Over the past several weeks I’ve had a series of very interesting conversations with colleagues who are in the midst of establishing new NP postgraduate residencies. These are residencies and fellowships across the primary care spectrum: family, adult/gero, and two in PMHC. Of course there are also programs in midwifery, peds, and others. We’ve talked about the process of moving from a few weeks of organizational on-boarding for new NPs to a well-crafted 12-month program based on a high performance model of training in complex care environments.
There is a lot to be done before the first class of trainees actually joins the program. And that is just the beginning. Then, the trainees arrive and the program is active. The first year is constant fine-tuning. There are heartening epiphanies and discouraging discoveries. An inexperienced mentor is embraced by the new residents. An experienced preceptor is reassigned and unavailable. Small things can make a big difference. A mentor suggests a tweak that saves time and resolves a problem. Resources developed by colleagues who have already survived provide a way to manage the issues of the moment. Another program director offers guidance in figuring out the progressive balance of supervision and mentorship to practitioner autonomy. Someone else has a template for cross-walking the new program’s organization and curriculum with the Standards.
It’s a lot to process and manage. Which leads me to my next thought. The Consortium has a new accreditation process, Provisional Accreditation, for programs that have completed the planning phase, have admitted their first class, but have yet to graduate a cohort of trainees. It is explicitly designed to provide support and guidance to program leaders as they work their way through that up-hill climb that is year-1 of implementation. Following submission of the Notice of Intent to Apply (for Provisional Accreditation), immediate benefits include monthly technical calls, networking with a community of colleagues who are immersed in the same developmental activity, and access to other programmatic resources. Upon confirmation of graduating the first class and adhering to the standards, Provisional Accreditation converts to Accredited status for the remaining 2 years of the accreditation period.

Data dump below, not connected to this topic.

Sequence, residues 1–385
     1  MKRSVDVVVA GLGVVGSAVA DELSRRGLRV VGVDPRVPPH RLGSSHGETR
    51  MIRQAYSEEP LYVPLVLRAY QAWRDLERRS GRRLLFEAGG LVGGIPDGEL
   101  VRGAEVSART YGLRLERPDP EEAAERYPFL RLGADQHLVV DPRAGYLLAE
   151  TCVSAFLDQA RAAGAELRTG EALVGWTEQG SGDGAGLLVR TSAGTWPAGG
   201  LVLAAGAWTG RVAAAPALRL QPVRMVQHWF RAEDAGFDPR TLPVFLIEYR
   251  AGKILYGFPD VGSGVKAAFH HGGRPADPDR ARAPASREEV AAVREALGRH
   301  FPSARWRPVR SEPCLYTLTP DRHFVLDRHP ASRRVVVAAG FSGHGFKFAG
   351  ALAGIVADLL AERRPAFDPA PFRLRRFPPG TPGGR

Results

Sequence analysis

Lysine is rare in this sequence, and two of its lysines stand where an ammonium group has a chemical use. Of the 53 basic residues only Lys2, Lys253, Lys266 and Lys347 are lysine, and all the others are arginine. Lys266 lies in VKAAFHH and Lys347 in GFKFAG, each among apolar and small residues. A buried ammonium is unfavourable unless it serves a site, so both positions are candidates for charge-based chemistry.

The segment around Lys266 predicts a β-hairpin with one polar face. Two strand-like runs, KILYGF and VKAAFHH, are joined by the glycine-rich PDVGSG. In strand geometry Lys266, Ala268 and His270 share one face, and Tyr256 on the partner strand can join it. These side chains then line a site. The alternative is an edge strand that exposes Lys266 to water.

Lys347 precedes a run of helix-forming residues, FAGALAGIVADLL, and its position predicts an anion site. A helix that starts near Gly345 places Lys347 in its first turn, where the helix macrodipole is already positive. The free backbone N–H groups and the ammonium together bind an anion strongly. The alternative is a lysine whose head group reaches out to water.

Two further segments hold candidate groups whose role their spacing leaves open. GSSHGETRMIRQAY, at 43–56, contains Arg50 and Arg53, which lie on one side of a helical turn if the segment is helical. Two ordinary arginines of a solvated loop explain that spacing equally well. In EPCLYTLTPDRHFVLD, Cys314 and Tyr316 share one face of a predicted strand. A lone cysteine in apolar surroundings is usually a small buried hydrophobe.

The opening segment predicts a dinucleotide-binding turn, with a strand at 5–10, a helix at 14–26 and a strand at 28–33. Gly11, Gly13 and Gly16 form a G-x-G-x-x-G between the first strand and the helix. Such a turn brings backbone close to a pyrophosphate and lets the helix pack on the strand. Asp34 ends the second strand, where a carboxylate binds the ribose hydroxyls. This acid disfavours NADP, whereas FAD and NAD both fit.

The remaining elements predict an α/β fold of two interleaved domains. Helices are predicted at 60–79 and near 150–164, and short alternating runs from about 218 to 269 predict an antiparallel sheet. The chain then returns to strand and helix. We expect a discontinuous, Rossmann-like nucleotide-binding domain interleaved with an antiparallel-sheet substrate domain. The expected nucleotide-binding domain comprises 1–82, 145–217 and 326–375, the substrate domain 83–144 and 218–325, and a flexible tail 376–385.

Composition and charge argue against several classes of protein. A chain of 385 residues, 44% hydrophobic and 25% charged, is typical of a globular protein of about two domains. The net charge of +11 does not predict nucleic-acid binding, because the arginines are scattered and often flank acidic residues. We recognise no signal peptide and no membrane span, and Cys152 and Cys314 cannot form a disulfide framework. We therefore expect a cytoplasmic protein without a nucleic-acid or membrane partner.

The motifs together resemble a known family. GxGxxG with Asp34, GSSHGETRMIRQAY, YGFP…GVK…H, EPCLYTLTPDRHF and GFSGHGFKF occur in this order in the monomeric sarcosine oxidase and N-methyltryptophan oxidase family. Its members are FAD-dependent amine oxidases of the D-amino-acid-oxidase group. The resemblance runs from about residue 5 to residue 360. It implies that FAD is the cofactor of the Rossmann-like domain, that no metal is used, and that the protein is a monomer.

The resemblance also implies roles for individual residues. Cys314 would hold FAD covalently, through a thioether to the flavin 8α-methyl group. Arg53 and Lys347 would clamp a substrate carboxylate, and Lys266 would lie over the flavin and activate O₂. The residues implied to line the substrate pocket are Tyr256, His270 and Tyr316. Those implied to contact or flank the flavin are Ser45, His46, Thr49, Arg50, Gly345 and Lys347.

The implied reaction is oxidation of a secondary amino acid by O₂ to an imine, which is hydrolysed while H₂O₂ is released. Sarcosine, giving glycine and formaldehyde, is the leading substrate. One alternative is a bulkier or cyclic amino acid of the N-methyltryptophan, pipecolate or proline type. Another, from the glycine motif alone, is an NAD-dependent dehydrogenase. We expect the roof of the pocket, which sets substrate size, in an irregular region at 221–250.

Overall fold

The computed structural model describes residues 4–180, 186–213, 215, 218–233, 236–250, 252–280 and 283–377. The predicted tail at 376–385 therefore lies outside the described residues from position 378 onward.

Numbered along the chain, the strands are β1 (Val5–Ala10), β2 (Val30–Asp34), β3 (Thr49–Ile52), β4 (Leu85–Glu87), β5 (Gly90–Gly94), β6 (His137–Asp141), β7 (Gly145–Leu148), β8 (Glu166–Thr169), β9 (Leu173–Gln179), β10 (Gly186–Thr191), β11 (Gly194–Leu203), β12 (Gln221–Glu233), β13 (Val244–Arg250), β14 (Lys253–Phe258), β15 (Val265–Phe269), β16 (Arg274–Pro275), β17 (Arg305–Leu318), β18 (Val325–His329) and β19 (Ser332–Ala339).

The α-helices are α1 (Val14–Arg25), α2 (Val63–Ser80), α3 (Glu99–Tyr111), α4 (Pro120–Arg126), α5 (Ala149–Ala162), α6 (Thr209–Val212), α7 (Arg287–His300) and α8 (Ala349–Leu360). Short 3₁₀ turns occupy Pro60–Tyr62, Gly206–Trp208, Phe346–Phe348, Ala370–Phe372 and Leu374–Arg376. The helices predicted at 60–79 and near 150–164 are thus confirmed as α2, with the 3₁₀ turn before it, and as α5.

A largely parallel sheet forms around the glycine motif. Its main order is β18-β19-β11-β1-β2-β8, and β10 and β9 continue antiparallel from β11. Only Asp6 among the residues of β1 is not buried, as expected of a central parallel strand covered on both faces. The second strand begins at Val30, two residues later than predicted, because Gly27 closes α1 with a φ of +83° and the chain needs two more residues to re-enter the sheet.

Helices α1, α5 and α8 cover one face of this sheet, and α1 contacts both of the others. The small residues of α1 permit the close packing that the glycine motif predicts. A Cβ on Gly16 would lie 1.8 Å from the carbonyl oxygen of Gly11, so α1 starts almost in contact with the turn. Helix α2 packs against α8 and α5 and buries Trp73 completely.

Accreditation is an investment in the future. Accreditation is a visible testament to a commitment to excellence. It is a publicly visible affirmation that a postgraduate training program is providing carefully designed, high quality clinical experiences, focused on providing qualified and credentialed trainees with mentorship and guidance as they are trained to a high performance level of care in complex clinical settings.
So, if you are in the process of recruiting your first class of trainees, consider getting Provisional Accreditation through the Consortium. Do get in touch and let’s talk about the benefits of Provisional Accreditation. We have informational packets that are useful in garnering support from institutional administration. Come and join the accreditation community!